Highlight on Puerto Rico: Just how bad will Puerto Rico’s Medicaid funding crisis be?

Puerto Rico is in danger of a serious Medicaid funding crisis beginning late 2017, according to a data point report by the Office of the Assistant Secretary for Planning and Evaluation (ASPE) under the HHS Secretary from January 12, 2017. Under the Patient Protection and Affordable Care Act (ACA) (P.L. 111-148), territories like Puerto Rico receive not only an increased funding rate, but a temporary additional Medicaid funding amount for spending above their statutory caps for use between July 2, 2011 and September 30, 2019 (ACA sec. 2005), and another sum provided in lieu of funding for individuals enrolling in health insurance exchanges to be used by December 31, 2019 (ACA sec. 1323). (States only would only receive the sec. 1323 funding when the sec. 2005 funding is exhausted.) Amounting to $6.4 billion, these funds will not reach 2019 but instead will be depleted as early as the first quarter of fiscal year 2018 (or the fall of 2017). The route that Puerto Rico takes in responding to this funding crisis could take this situation from bad to worse.

Background and ACA

Both states and the federal government pitch in to jointly fund the Medicaid program. The amount that comes from the federal government is called the federal medical assistance percentage (FMAP). How much FMAP a state receives is based on its per capita income, with the average being 57 percent (50 percent for wealthier states, 75 percent for the poorest), adjusted on a three-year cycle. U.S territories, like Puerto Rico, however, receive an FMAP amount that varies greatly from that of states because their rates are capped by statute.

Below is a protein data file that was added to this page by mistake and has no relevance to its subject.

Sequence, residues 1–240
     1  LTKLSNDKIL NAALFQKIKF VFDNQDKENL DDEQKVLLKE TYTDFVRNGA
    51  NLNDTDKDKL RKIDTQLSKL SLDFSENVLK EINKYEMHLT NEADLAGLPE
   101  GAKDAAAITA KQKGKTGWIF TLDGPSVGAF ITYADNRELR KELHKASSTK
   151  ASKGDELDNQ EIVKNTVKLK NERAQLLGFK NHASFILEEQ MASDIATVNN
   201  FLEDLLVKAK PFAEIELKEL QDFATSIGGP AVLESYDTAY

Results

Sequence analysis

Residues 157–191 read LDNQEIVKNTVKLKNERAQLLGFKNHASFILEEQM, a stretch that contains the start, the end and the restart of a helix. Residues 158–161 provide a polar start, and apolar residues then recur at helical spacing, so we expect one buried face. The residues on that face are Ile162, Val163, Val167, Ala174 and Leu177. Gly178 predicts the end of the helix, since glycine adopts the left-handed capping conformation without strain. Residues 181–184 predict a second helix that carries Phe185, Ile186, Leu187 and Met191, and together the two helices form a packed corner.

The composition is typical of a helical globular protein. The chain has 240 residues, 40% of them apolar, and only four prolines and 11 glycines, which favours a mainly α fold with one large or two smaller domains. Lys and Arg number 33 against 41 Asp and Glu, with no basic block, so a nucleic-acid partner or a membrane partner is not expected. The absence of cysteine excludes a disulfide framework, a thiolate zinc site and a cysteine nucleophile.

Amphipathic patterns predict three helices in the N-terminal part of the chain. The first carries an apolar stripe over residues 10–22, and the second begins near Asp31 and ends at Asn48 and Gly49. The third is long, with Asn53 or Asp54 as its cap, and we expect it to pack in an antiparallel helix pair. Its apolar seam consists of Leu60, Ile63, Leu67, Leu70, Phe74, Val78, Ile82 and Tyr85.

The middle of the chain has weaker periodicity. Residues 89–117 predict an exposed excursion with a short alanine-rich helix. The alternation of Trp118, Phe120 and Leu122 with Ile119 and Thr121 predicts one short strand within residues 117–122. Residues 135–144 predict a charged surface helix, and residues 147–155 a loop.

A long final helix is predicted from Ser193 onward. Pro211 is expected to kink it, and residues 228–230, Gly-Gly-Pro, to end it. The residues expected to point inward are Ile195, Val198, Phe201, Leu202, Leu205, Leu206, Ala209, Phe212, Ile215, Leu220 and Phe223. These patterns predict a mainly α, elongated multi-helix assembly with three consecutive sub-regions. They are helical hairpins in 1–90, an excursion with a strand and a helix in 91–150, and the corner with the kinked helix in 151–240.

Puerto Rico faces immense poverty, with individuals being eligible for Medicaid with an annual income of only $6,600 (compared to $15,800 for the continental U.S.) and families with an income of $10,200 ($32,319). Over one million people are enrolled in Medicaid in Puerto Rico. Under the per capita income formula used to calculate the FMAP of states, and still considering the statutory maximum that is in place, Puerto Rico would receive 83 percent (93 percent absent the statutory maximum). Instead, Puerto Rico’s Medicaid expenditures are matched at 55 percent. This is an increase from the 50 percent that was in effect prior to passage of the ACA.

 Possible scenarios

Two scenarios are provided in the report as options for Puerto Rico to approach the exhaustion of funds. First, Puerto Rico could continue to spend the same amount of its own funds in fiscal year (FY) 2018 as in 2017, adjusting for inflation on a per-enrollee basis, which would result in a decrease in spending to 44 percent less than that required to maintain current enrollment of over one million today. Around 500,000 people would lose coverage. Although this scenario is similar to the funding that was in place prior to the ACA, considering that officials may choose to prioritize infrastructure and debt payments over Medicaid, they may decide on scenario two.

The second option is that Puerto Rico spends none of its own unmatched funds over those necessary to get the maximum federal funding, but that would result in spending being 80 percent less than that required to maintain the current enrollment, and nearly 900,000 individuals would lose Medicaid coverage.

In either case, it is assumed the Puerto Rico will reduce coverage (lowering income eligibility levels or capping enrollment) rather than reduce benefits for those covered by Medicaid.